A five-day celebration of Roman Catholic family values, the international gathering in September 2015 could draw more than 300,000 people to the Philadelphia region. And if Francis comes, the numbers could triple.
Scheduled for Sept. 22 to 27, 2015, the World Meeting will include lectures and programs at dozens of venues across the Philadelphia area, with separate programming pitched to children and adults.
The highlight of the trip will be a private, two-hour audience that Francis will hold Wednesday with Chaput, Corbett, and Nutter. At a March 7 news conference Chaput called it an opportunity to "share the excitement and momentum surrounding this event" with the pope.
Additionally, they and their staffs will meet Tuesday with officials of the Pontifical Council for the Family, the Vatican agency that sponsors the World Meetings. At a joint news conference with Chaput, council officials will announce the theme of the 2015 gathering and unveil its agenda.
On Monday, Chaput, Nutter, and Corbett will also be guests of honor at a reception at the home of Ken Hackett, U.S. ambassador to the Holy See.
Yet a giant question still looms over their trip - and next year's World Meeting: Will Francis come to Philadelphia next year?
Odds are favorable that he will. Since the inauguration of the World Meeting of Families in Rome in 1994, popes have said Mass at the close of all but one. For health reasons, Benedict did not attend the gathering at Mexico City in 2009.
Francis has not announced his intentions. But his presence could transform the event by bringing a million or more visitors to the city.
Such predictions are based on the crowd of one million that turned out for Pope Benedict XVI, who celebrated Mass at the close of the 2012 World Meeting in Milan. Pope John Paul II attracted a similar crowd to Philadelphia in October 1979, when he celebrated Mass at a specially erected altar at Logan Circle.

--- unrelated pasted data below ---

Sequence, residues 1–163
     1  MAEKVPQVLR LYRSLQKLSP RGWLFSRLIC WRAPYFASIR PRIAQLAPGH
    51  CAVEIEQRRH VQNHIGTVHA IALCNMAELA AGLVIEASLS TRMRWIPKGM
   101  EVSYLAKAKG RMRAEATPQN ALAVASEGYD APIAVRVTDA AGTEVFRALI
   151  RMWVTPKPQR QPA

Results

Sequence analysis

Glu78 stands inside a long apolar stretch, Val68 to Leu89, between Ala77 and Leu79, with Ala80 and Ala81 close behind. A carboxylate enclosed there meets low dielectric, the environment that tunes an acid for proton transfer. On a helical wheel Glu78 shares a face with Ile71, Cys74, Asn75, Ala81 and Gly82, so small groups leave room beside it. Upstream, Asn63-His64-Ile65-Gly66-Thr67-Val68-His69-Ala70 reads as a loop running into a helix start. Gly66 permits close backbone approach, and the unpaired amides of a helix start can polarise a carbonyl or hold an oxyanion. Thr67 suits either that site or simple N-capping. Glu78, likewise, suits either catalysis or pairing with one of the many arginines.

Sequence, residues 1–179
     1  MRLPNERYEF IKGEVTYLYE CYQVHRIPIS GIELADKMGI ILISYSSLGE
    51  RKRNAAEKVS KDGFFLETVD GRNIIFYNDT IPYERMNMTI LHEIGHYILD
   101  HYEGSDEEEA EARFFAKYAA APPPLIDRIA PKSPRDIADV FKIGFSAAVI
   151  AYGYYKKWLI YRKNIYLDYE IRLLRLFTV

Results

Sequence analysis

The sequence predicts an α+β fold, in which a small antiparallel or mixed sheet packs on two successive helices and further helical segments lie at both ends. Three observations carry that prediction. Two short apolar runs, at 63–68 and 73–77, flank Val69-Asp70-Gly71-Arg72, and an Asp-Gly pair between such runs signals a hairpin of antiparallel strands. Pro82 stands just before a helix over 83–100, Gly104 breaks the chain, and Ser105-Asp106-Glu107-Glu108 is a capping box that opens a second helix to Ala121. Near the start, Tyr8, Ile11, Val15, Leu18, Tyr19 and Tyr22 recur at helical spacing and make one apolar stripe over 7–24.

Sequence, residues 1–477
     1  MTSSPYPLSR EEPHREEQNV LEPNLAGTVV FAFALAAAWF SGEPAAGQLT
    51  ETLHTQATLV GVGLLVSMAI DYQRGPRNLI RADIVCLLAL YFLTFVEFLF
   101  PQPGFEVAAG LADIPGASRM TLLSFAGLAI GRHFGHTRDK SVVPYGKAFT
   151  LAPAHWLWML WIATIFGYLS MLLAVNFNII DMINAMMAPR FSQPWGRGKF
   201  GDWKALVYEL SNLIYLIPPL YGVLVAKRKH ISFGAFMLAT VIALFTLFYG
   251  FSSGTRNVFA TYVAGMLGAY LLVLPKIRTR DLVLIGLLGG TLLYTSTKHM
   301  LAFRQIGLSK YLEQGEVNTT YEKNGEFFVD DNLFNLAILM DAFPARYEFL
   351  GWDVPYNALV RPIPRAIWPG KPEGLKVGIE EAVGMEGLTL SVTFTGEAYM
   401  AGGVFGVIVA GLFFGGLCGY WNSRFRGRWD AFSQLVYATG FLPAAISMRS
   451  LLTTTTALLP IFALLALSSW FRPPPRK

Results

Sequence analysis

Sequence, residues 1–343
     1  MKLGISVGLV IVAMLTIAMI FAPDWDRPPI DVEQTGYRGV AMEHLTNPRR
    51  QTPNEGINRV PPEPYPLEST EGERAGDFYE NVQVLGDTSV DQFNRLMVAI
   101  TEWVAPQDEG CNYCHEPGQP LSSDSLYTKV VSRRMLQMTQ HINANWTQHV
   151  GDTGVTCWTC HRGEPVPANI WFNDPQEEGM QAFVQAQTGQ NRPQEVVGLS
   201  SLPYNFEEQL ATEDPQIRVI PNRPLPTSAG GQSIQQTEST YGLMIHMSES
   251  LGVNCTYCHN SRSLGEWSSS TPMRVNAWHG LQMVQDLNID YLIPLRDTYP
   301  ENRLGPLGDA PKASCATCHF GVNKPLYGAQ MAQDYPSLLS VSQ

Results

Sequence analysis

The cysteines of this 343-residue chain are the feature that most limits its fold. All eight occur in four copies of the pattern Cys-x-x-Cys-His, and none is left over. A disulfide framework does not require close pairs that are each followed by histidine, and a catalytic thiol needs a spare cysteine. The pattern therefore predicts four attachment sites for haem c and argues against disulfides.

Corbett, a Catholic, and Nutter, a convert to Baptist from Catholicism, spoke warmly at the news conference earlier this month of Francis, family, and the World Meeting's worthy values.
But both men acknowledged the pope's presence would bring much tourist revenue to the region. When in Rome, they will be rendering unto Caesar, trying to ensure that Francis comes.
"We'll use every mode of persuasion," said Nutter, who envisioned "an incomparable moment for the city of Philadelphia" and promised his city could handle two million visitors or more.
"We're the big-event city in the United States," the mayor said. "The world's eyes will be on us, and we will shine brightly."
Corbett, too, talked in millions. He envisioned the World Meeting as a "tremendous opportunity" that could bring more than $100 million to the region and the state. "I feel we'll get him here," he said.
"Only in Philadelphia," he joked at the news conference, "would people talk about trying to'seal deals' with the pope.
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